Reed was gay but kept this fact private, fearing it would damage his career. In July 1954, Reed married fellow Northwestern student Marilyn Rosenberger. The couple had one daughter, Karen, before divorcing in 1959.
After his death, Reed's Brady Bunch co-stars – most notably Barry Williams and Henderson – publicly acknowledged Reed's sexual orientation, and admitted that most of the cast and crew of The Brady Bunch were aware, but they did not discuss it with Reed. Williams said, "Robert didn't want to go there. I don't think he talked about it with anyone. I just don't think it was a discussion – period."
In November 1991, Reed was diagnosed with colon cancer. When he became ill, he allowed only his daughter and his close friend actress Anne Haney and Josh Miller to visit him. Haney later said of Reed, "He came from the old school, where people had a sense of decorum. He went the way he wanted to, without publicity." Weeks before his death, Reed called Henderson and asked her to inform the rest of The Brady Bunch cast that he was terminally ill. He died on May 12, 1992, at Huntington Memorial Hospital in Pasadena, California, at age 59.
Reed's death was initially attributed solely to cancer, but details from his death certificate were made public revealing that Reed was HIV positive. It is unknown when Reed contracted HIV because he kept his condition private, telling only a few close friends. While Reed did not have AIDS at the time of his death, his doctor listed his HIV-positive status as a "significant condition[s] that contributed to death" on the death certificate.
|1957||Pal Joey||Boy Friend||Uncredited|
|1959||Bloodlust!||Johnny Randall (released in 1961)|
|1967||Hurry Sundown||Lars Finchley|
|1969||Journey into Darkness||Hank Prentiss||(episode 'The New People')|
|1969||The Maltese Bippy||Lt. Tim Crane|
|1991||Prime Target||Agent Harrington|
|1959||Make Room for Daddy||Airline Pilot||Episode: "Terry Comes Home"|
|1959||Father Knows Best||Tom Cameron||Episode: "The Impostor"|
|1960||Men into Space||Russell Smith||Episode: "Earthbound"|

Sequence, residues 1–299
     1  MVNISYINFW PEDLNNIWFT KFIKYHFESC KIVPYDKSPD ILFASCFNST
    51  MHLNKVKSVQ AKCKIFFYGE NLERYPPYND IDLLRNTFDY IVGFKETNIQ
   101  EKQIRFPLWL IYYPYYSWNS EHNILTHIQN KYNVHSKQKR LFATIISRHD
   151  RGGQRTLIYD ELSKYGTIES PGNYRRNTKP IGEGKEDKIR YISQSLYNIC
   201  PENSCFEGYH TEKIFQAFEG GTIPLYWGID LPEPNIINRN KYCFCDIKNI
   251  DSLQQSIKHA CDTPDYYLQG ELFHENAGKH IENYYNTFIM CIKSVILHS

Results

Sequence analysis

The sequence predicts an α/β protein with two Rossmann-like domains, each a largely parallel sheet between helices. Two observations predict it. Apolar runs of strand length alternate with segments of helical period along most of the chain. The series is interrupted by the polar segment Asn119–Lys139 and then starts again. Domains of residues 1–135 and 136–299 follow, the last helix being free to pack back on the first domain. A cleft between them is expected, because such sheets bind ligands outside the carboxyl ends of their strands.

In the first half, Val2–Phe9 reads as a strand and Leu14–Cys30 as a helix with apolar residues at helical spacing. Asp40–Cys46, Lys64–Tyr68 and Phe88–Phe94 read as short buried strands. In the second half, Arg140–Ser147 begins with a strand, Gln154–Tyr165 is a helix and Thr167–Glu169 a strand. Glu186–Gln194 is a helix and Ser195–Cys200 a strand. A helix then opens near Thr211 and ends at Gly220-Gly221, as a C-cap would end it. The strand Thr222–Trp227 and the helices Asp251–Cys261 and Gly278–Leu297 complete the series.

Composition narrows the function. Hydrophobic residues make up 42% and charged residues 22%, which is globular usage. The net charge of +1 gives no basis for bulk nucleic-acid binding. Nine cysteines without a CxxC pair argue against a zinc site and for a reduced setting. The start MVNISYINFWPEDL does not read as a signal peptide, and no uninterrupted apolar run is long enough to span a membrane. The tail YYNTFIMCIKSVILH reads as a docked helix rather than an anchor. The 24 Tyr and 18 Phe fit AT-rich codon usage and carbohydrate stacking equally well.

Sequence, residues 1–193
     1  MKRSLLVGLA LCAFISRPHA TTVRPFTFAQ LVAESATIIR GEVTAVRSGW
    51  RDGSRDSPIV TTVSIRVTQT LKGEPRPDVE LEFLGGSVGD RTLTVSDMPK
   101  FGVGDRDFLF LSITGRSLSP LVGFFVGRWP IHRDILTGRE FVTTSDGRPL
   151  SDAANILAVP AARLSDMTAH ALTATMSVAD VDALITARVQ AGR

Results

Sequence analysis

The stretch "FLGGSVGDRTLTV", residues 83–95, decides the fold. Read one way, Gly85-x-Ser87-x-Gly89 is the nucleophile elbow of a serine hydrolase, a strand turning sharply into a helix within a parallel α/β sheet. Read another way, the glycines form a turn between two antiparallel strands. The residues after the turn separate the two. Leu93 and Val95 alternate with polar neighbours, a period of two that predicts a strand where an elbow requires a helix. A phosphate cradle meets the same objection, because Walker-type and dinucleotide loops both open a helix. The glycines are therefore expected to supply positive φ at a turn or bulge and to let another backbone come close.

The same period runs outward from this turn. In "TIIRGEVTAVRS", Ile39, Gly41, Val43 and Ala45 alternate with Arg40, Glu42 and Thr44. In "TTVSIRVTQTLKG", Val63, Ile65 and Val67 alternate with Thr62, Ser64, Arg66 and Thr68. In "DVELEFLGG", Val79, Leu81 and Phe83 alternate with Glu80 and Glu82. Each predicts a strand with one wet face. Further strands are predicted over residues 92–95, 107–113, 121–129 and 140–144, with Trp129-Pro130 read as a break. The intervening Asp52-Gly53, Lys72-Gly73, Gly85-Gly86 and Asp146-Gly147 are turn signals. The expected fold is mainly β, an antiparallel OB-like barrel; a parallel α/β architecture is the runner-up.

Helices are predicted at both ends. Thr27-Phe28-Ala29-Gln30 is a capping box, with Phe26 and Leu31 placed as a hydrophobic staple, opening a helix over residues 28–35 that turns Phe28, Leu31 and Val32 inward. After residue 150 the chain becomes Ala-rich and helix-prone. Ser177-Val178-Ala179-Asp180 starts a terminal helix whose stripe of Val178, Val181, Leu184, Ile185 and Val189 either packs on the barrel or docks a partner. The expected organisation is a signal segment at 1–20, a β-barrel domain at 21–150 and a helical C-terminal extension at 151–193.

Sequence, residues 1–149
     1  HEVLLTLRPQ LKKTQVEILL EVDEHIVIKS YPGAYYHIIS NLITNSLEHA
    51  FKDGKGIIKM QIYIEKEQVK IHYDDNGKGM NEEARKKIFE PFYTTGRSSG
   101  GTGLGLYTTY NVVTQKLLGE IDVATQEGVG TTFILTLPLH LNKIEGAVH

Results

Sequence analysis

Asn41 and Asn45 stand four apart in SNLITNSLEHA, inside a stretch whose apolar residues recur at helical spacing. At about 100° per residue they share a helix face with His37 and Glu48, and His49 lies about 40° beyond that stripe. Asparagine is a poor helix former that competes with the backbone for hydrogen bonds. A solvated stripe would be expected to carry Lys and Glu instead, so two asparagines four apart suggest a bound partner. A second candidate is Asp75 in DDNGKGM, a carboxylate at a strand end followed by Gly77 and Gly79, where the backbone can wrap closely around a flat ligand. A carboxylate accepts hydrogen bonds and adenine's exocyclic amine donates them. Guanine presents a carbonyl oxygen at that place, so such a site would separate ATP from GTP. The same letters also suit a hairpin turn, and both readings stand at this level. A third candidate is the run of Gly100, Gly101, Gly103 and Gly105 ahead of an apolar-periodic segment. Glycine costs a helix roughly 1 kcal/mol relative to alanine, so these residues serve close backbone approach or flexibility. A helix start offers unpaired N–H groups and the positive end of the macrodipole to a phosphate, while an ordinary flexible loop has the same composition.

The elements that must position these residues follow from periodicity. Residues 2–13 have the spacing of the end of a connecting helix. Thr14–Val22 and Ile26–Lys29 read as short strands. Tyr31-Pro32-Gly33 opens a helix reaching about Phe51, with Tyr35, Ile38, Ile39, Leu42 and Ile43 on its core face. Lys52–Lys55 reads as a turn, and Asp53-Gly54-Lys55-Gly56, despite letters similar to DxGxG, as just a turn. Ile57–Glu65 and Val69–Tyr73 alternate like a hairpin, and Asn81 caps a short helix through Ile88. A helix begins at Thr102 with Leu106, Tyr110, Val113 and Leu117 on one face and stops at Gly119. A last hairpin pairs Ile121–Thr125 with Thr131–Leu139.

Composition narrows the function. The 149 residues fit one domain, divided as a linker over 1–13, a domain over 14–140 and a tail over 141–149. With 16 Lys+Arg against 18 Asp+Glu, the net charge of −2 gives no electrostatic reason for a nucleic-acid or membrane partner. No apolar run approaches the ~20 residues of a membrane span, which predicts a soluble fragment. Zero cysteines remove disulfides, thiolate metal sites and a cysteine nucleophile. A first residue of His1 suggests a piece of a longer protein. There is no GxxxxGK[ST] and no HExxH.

|1960||Bronco||Tom Fuller||Episode: "Volunteers from Aberdeen"|
|1960||Lawman||Jim Malone||Episode: "Left Hand of the Law"|
|1961||Tallahassee 7000||Episode: "Hostage"|
|1961–1965||The Defenders||Kenneth Preston||132 episodes|
|1965||Dr. Kildare||Judd Morrison||6 episodes|
|1965||Bob Hope Presents the Chrysler Theatre||Lt. Chris Callahan||Episode: "The Admiral"|
|1966||Preview Tonight||Lieutenant John Leahy||Episode: "Somewhere in Italy... Company B!"|
|1966||Operation Razzle-Dazzle||Lieutenant John Leahy||Television movie|
|1966||Family Affair||Julian Hill||Episode: "Think Deep"|
|1966||My Husband Tom...and John||John||Unaired preview film for Paramount|
|1967||Li'l Abner||Senator Cod||Unsold pilot|
|1967||Hondo||Frank Davis||Episode: "Hondo and the Superstition Massacre"|
|1967||Ironside||Jerry Pearson||Episode: "Light at the End of the Journey"|
|1968||Journey to the Unknown||Hank Prentiss||Episode: "The New People"|
|1968–1975||Mannix||Lt. Adam Tobias||22 episodes|
|1969–1974||The Brady Bunch||Mike Brady||116 episodes|
|1969–1971||Love, American Style||Various roles||4 episodes|
|1971||The City||Sealy Graham||Television movie|
|1972||Assignment: Munich||Doug "Mitch" Mitchell||Television movie|
|1972||The Mod Squad||Jerry Silver||Episode: "The Connection"|
|1972||Haunts of the Very Rich||Reverend John Fellows||Television movie|
|1972||Mission: Impossible||Assistant D.A. Arthur Reynolds||Episode: "Hit"|
|1973||Snatched||Frank McCloy||Television movie|
|1973||Owen Marshall: Counselor at Law||Episode: "They've Got to Blame Somebody"|
|1973||Intertect||Blake Hollister||Television movie|
|1973||The Man Who Could Talk to Kids||Tom Lassiter||Television movie|
|1973||The World of Sid & Marty Krofft at the Hollywood Bowl||Audience member||Television special (Uncredited)|
|1974||Pray for the Wildcats||Paul McIlvain||Television movie|
|1974||Chase||Dr. Playter||Episode: "Remote Control"|
|1974||Harry O||Paul Virdon||Episode: "Accounts Balanced"|
|1975||The Secret Night Caller||Freddy Durant||Television movie|
|1975||Medical Center||Dr. Pat Caddison||Episode: "The Fourth Sex" (parts 1 and 2)|
|1975||McCloud||Jason Carter||Episode: "Fire!"|
|1976||The Streets of San Francisco||Dr. Arnold Stephen||Episode: "The Honorable Profession"|
|1976||Jigsaw John||Alan Bellamy||Episode: "Promise to Kill"|
|1976||Wonder Woman||Fallon, the "Falcon"||Episode: "The Pluto File"|
|1976||Rich Man, Poor Man||Teddy Boylan||Miniseries|
|1976||Law and Order||Aaron Levine||Television movie|
|1976||Lanigan's Rabbi||Morton Galen||Pilot episode|
|1976||Nightmare in Badham County||Supt. Dancer||Television movie|
|1976||The Boy in the Plastic Bubble||Johnny Lubitch||Television movie|
|1976||Revenge for a Rape||Sheriff Paley||Television movie|
|1976–1977||The Brady Bunch Hour||Mike Brady||9 episodes|
|1977||Roots||Dr. William Reynolds||Miniseries|
|1977||Kit Carson and the Mountain Men||Capt. John C. Frémont||Television movie|
|1977||The Wonderful World of Disney||Capt. John C. Frémont||2 episodes|
|1977||The Love Boat II||Stephen Palmer||Television movie|
|1977||SST: Death Flight||Captain Jim Walsh||Television movie|
|1977||Barnaby Jones||DeWitt Robinson||Episode: "Death Beat"|